We have revealed long term sustainable trends in the difference between producer price index for oil and the overall PPI. In the long run, one can foresee the direction of oil price trend which is crucial for investments. Moreover, there are many short-term price fluctuations around the trend which have large amplitudes and thus allow active speculations.
In the beginning of 2009, we developed a model  predicting the long-term price evolution for various subcategories of consumer and producer price indices as well as major commodities: gold, crude oil, metals, etc. The model was based on one prominent feature of the difference between consumer (producer) prices of individual components and the overall consumer (producer) price index. These differences are characterized by the presence of sustainable long-term (quasi-) linear trends. For many producer price indices, these trends are slightly nonlinear but still robust. They are observed in subcategories with varying weights in the CPI and PPI: meats, gold ores, durables and nondurables, jewelry and jewelry related products, and motor fuel.
For major CPI and PPI subcategories, these trends last from five to twenty years and then turn to trends with opposite slopes. The transition to new trends lasted three years at most. We have not revealed any clear turns after 2009 and the current transition period might last longer. There are also several subcategories without slope changes since the start of the relevant measurement as reported by the Bureau of Labor Statistics . All CPI and PPI time series (in this study we use seasonally adjusted CPIs and not seasonally adjusted PPIs) were retrieved from the BLS. The best example of such a one-leg trend since 1980 is the consumer price index of medical care. The index of communication has been linearly deviating from the headline CPI since 1998; before 1998 it had been reported as an indistinguishable part of the index of education and communication.
In the short run, actual prices oscillate around the long-term trends with varying amplitudes. In a sense, the trends represent the lines of gravity centers for given prices and any large deviation from the trends must be compensated promptly. As a result, both short- and long-term predictions of commodity prices are feasible. In the long run, the prices follow up the trends. In the short-run, the next move in a given price depends on the current position relative to the corresponding trend. When far from the trend, the price is more likely to start returning. When approaching the trend, the price may choose any direction for the further evolution, i.e. it should not inevitably go the other side of the trend. In this article, we focus on crude oil and motor fuel.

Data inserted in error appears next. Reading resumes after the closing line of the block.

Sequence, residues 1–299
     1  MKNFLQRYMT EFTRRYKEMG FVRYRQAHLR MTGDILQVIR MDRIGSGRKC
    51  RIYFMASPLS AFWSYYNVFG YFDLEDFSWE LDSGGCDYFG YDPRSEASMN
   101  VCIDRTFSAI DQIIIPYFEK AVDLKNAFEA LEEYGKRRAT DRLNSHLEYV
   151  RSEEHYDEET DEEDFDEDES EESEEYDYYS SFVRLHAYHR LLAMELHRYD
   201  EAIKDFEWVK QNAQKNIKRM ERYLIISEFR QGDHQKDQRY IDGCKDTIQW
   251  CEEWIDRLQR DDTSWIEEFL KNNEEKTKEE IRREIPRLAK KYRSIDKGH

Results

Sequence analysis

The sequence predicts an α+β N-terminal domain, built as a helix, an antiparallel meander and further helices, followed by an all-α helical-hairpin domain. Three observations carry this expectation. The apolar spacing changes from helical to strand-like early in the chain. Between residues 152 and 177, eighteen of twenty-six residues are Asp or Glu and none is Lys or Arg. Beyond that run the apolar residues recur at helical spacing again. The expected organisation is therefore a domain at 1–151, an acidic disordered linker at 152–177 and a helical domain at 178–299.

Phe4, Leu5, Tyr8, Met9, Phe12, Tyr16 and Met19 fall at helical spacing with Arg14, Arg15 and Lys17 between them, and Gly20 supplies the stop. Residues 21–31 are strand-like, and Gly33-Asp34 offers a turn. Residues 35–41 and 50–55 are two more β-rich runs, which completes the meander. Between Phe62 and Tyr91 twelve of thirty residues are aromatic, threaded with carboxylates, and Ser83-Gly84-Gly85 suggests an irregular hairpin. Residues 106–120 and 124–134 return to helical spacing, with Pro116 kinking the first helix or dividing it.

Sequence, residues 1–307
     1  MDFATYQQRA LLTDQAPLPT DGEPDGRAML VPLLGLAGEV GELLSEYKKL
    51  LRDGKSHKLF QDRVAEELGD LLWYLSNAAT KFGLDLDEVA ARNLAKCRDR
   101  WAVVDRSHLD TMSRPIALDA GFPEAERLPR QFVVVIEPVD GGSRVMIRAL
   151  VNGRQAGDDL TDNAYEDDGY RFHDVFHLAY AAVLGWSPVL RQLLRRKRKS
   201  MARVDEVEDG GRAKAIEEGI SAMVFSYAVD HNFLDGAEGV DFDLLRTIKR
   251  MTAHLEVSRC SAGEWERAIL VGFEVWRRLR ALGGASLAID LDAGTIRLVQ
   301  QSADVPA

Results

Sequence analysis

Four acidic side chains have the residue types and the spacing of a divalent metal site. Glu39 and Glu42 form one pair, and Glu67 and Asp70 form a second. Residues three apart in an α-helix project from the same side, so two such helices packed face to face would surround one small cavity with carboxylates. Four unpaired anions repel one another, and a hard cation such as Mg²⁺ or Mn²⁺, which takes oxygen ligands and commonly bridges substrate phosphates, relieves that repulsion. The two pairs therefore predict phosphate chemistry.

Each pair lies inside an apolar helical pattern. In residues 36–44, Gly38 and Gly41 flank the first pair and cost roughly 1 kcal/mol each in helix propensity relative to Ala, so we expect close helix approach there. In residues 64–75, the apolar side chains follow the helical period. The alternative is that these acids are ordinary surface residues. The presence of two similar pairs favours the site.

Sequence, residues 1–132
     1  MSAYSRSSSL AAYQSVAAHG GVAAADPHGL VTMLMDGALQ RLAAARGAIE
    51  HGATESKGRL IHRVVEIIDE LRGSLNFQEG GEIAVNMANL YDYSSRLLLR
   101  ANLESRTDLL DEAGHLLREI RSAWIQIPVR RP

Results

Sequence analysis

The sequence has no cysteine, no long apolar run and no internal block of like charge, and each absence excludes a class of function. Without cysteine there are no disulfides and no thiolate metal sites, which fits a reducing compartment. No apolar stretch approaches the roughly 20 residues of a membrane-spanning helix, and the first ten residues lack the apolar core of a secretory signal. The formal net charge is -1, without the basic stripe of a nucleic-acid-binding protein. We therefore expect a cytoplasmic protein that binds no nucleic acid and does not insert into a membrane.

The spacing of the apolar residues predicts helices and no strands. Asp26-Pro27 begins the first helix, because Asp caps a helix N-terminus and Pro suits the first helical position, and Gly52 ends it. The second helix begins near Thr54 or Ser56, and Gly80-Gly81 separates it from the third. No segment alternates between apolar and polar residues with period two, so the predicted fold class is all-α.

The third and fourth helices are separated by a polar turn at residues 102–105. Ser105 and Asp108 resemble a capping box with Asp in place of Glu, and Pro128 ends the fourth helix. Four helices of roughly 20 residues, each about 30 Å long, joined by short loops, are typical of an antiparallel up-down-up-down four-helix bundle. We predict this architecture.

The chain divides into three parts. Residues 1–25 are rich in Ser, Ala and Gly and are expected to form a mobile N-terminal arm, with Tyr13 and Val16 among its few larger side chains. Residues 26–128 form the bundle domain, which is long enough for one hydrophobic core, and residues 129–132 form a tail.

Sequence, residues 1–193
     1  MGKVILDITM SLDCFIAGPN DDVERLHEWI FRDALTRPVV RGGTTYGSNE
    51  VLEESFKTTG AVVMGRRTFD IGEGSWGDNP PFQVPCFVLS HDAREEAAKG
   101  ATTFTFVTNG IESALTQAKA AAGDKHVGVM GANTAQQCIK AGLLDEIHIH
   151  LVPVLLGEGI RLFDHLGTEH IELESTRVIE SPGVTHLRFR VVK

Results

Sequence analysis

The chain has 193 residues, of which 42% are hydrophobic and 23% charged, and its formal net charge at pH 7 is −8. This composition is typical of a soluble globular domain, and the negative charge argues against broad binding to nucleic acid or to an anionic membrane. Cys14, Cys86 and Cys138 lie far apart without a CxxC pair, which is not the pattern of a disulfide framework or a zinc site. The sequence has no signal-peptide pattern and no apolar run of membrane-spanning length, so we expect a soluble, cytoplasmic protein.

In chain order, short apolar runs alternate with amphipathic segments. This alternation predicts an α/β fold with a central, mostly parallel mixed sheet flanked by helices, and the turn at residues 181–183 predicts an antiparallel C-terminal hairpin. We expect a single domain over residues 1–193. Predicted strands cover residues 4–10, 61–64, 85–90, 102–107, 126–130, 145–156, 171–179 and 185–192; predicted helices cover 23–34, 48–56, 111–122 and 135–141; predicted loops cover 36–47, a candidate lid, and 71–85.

For the price index of motor fuel, we developed a similar model as based on the deviation from the core CPI, i.e. the headline CPI less food and energy. Using this model, we predicted the evolution of oil price as well. The overall performance of the model between March and December 2009 was reported in. Here we also revise the long-term prediction of crude petroleum and motor fuel price and make necessary corrections to the model as related to the observations since March 2009.
The model derived in implies that the difference between the overall CPI (same for the PPI), CPI (PPI), and a given individual price index iCPI (iPPI), can be described by a linear time function over time intervals of several years:
CPI(t) – iCPI(t) = A + Bt (1)
Where A and B are the regression coefficients, and t is the elapsed time. Therefore, the “distance” between the CPI and the studied index is a linear function of time, with a positive or negative slope B. Free term A compensates the difference related to the start levels for a given year. For example, the index of communication was started from the level of 100 in December 1997 when the overall CPI was already at the level of 161.8 (base period 1982-84 =100).
Figure 1 displays examples of linear trends in the two differences related to the scope of this article. In the left panel, the evolution of the index of motor fuel relative to the headline CPI is shown. Notice that in the original paper we referred the index of motor fuel to the core CPI, but the discrepancy between the headline and core CPI is negligible relative to the change in the index of motor fuel. There are two distinct periods of linear dependence on time: from 1980 to 1999 and from 2001 to 2008. Apparently, there is one finished transition period between 1999 and 2001, where the trend with a positive slope (B=+4.2) changed to a negative one (B=-21.1), in both cases the determination coefficient being very high: R2~0.89. The first transition period is characterized by elevated price volatility. Since 2008, the negative trend in the difference has been suffering a transition to a positive one, which is shown in Figure 1 by a dashed line. This transition is characterized by a much higher volatility and has been fading away since the end of 2009. Without prejudice, we have drawn the new trend as increasing from -110 in 2009 to -60 in 2016. (Notice that we made a different tentative assumption in since we had no actual data after 2009.) This defines the long-term prediction of the motor fuel index and fits observations since 2010.